Step by Step Radon Mitigation Installation

What do you do if you discover radon gas in the home? This problem can be fixed quickly and easily for very little money, compared to what a typical radon installation from a company would cost. You can take steps to immediately lower your radon levels.

If you lower your radon levels to below 4pCi/L, you'll save hundreds of dollars. The EPA considers levels below 4pCi/L safe. You can also get more information about radon mitigation via

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Let's look at some things you can do immediately. 

Use 6 mil plastic to seal your crawl space – This is a common source of radon intrusion into your home. By putting down a barrier to seal the ground, you can reduce the gas level and suppress the gas.

Secure your sump pit – Another area with high radon levels is this one. It has a direct hole in the ground. The perimeter drain tile wraps around the basement and ends inside your sump pit. This allows radon to float freely through the drain tile, and into your basement via your sump pit.

All floor cracks must be sealed – Cracks in concrete slab floors allow for a path of least resistance. These cracks are ideal for allowing radon gas to flow easily. Seal your expansion joints. These can also be a source of water over time. You can do many more things, but these are the most important things to do in order to reduce radon levels.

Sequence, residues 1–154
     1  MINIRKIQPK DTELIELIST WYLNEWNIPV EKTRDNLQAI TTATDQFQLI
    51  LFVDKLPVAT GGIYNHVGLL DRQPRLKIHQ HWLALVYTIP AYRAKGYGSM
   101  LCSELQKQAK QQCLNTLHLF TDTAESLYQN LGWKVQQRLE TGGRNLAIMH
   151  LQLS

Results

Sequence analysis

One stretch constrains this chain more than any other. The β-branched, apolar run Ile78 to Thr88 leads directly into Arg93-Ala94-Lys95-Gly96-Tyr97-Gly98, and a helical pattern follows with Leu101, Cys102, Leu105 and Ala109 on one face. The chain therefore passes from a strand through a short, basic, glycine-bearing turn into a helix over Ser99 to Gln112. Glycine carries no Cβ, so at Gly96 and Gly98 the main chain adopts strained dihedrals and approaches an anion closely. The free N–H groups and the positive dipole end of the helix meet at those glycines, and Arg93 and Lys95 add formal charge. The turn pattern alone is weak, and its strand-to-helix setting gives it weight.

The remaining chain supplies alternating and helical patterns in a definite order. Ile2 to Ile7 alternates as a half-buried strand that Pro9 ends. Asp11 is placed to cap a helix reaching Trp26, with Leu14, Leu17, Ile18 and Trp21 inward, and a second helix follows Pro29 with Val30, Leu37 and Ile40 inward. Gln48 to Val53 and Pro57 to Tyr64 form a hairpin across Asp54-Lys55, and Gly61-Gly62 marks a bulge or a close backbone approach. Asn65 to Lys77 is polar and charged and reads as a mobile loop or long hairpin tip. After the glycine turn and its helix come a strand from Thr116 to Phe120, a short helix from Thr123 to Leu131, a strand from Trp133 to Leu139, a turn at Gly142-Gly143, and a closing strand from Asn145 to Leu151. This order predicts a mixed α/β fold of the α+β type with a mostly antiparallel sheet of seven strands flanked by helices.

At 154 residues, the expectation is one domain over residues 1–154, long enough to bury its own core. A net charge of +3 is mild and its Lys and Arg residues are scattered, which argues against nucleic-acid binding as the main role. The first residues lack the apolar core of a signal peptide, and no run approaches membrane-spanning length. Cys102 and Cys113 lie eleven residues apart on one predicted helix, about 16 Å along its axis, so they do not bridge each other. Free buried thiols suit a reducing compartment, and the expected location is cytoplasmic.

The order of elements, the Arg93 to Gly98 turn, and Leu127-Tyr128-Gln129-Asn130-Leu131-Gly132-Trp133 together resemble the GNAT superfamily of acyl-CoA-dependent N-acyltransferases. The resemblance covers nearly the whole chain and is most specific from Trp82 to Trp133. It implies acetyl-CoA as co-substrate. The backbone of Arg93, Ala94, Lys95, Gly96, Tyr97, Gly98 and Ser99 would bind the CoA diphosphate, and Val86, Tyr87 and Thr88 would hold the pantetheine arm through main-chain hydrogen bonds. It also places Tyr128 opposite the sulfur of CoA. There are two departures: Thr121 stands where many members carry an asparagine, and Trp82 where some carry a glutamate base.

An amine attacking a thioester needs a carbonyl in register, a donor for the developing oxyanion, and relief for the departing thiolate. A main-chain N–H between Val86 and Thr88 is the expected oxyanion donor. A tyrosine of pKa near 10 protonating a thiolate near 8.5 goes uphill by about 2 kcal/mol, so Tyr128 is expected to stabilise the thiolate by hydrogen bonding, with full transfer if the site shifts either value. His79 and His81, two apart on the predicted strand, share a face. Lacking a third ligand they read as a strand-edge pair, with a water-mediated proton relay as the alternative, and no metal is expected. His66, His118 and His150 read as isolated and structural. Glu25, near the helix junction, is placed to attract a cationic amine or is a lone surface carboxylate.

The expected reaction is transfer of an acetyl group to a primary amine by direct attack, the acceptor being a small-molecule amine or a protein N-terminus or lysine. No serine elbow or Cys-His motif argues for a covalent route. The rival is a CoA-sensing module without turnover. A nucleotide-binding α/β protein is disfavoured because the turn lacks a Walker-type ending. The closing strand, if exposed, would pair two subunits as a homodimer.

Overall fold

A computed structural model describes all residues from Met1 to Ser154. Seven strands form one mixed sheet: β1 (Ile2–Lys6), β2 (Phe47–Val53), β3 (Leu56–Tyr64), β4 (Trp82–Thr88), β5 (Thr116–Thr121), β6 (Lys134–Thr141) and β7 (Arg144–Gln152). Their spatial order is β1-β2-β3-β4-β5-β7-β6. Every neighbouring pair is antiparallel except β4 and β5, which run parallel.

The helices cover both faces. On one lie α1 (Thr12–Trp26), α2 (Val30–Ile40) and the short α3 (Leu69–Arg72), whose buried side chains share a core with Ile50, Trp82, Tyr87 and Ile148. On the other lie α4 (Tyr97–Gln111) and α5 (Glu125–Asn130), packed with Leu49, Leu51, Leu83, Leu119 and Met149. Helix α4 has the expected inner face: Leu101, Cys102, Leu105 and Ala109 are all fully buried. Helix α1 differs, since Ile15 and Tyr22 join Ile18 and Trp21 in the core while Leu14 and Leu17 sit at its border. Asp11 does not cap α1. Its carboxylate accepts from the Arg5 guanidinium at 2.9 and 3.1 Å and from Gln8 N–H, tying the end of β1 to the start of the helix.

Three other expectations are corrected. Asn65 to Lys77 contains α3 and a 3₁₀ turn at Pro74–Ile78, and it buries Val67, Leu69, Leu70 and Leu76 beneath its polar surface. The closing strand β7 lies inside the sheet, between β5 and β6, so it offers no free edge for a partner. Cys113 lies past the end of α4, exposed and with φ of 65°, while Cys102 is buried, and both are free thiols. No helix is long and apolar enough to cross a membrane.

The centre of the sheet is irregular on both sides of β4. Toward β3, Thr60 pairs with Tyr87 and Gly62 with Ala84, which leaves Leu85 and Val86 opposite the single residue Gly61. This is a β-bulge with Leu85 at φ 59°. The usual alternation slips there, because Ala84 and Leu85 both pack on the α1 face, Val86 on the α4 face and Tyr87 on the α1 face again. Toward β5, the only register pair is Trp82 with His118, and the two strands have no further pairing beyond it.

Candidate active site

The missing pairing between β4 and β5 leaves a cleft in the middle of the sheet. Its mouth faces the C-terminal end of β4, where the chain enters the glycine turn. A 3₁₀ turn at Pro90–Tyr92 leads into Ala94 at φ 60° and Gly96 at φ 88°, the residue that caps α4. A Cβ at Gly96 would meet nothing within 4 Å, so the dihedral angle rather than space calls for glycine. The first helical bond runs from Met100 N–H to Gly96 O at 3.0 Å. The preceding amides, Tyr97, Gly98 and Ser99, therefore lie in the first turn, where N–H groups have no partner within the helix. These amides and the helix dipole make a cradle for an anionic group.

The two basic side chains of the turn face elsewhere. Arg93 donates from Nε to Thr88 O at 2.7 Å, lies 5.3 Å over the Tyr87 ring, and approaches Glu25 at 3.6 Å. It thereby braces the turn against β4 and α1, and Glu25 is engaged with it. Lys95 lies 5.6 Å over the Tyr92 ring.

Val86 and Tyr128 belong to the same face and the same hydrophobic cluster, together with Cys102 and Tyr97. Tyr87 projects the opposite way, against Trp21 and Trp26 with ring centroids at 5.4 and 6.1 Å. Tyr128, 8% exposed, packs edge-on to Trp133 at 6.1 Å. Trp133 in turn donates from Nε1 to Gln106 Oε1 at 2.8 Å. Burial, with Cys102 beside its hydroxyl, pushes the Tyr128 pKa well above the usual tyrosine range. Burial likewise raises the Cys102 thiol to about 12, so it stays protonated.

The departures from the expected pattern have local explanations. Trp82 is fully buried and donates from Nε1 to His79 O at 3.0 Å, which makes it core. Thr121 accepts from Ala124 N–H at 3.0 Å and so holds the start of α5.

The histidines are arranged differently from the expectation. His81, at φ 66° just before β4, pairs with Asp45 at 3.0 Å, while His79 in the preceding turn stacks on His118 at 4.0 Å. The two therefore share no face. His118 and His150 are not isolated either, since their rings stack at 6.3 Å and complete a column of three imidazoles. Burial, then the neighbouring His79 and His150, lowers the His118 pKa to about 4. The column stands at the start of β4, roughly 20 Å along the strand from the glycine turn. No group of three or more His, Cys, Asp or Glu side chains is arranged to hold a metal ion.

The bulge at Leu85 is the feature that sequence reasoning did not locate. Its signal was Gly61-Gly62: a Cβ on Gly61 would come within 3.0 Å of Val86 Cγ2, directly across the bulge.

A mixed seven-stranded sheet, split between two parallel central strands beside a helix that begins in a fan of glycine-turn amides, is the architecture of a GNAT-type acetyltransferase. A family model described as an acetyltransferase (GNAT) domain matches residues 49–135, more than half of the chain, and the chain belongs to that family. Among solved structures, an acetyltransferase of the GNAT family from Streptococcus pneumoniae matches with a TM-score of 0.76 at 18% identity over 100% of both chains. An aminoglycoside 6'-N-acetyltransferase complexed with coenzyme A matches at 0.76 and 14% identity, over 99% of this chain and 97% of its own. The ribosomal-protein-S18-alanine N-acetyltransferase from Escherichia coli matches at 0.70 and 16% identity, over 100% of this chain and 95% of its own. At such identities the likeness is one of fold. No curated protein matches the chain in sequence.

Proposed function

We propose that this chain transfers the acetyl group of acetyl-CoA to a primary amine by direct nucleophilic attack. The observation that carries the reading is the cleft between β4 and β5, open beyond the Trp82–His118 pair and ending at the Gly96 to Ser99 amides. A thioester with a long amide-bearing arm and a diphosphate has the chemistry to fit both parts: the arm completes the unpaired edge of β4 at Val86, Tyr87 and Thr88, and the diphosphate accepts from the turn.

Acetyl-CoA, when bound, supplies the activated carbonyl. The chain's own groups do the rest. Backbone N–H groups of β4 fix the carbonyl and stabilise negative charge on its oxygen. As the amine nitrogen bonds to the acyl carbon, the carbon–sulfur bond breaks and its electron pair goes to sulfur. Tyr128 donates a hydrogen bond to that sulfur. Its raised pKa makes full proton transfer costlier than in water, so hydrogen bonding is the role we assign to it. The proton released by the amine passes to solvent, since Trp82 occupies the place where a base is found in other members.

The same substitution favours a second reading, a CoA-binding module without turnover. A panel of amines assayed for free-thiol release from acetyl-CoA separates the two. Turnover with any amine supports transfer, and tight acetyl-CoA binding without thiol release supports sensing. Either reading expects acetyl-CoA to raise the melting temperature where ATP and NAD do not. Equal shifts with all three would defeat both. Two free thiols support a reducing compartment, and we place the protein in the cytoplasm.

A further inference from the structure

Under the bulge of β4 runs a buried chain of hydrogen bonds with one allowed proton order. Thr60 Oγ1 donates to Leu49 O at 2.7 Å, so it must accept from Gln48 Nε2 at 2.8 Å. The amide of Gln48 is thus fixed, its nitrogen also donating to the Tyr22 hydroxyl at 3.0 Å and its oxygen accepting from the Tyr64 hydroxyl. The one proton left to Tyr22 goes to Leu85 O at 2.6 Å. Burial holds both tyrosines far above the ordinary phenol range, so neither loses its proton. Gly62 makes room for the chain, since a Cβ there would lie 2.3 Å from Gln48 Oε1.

Reduce Your Risk of Lung Cancer With Radon Testing

Radon is a dangerous substance. What do you know about Radon, a silent killer? What is the level of this toxic gas in your home and how does it affect your family's health and the importance of radon testing?

Radon Testing

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Radon is an odorless and colorless gas that causes far too many deaths every year. The Environmental Protection Agency has confirmed that radon in homes can cause lung cancer.

 Radon is the leading cause of lung cancer in non-smokers and causes more than 20,000 deaths each year. You cannot monitor the amount of radon in your house by attaching a detector to the wall and changing the batteries every year. 

A radon test is the only way to find out how much radon exists in your home. No matter where you live or what kind of home you have, radon gas testing can help you determine if your family is at risk. 

Radon is formed from the natural decay of uranium found in soil, rock, and water. Radon is found in the outdoor air. It can enter homes through cracks in foundations, walls, construction joints, gaps between floors, around service pipes, cavities in walls, and cracks in walls. 

According to the EPA, soil that comes into contact with basement floors or walls is the main source of radon in homes. Radon moves through the soil to the upper air and becomes trapped in your home. You can even search online for more information about radon testing.